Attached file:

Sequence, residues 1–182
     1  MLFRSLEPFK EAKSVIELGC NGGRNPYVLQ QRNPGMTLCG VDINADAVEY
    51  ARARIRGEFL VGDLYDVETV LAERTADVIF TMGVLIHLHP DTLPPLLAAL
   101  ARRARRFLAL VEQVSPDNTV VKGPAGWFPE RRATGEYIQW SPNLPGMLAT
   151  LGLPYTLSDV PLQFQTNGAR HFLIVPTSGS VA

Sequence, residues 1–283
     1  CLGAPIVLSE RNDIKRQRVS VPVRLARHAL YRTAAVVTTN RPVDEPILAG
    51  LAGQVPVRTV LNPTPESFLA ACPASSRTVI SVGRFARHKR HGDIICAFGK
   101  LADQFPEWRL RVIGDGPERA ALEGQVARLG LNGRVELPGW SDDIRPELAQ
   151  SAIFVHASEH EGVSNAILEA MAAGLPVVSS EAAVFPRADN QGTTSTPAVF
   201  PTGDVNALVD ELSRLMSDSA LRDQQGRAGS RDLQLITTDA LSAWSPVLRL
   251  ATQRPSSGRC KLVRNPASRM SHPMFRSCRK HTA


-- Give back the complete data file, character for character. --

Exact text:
Sequence, residues 1–182
     1  MLFRSLEPFK EAKSVIELGC NGGRNPYVLQ QRNPGMTLCG VDINADAVEY
    51  ARARIRGEFL VGDLYDVETV LAERTADVIF TMGVLIHLHP DTLPPLLAAL
   101  ARRARRFLAL VEQVSPDNTV VKGPAGWFPE RRATGEYIQW SPNLPGMLAT
   151  LGLPYTLSDV PLQFQTNGAR HFLIVPTSGS VA

Sequence, residues 1–283
     1  CLGAPIVLSE RNDIKRQRVS VPVRLARHAL YRTAAVVTTN RPVDEPILAG
    51  LAGQVPVRTV LNPTPESFLA ACPASSRTVI SVGRFARHKR HGDIICAFGK
   101  LADQFPEWRL RVIGDGPERA ALEGQVARLG LNGRVELPGW SDDIRPELAQ
   151  SAIFVHASEH EGVSNAILEA MAAGLPVVSS EAAVFPRADN QGTTSTPAVF
   201  PTGDVNALVD ELSRLMSDSA LRDQQGRAGS RDLQLITTDA LSAWSPVLRL
   251  ATQRPSSGRC KLVRNPASRM SHPMFRSCRK HTA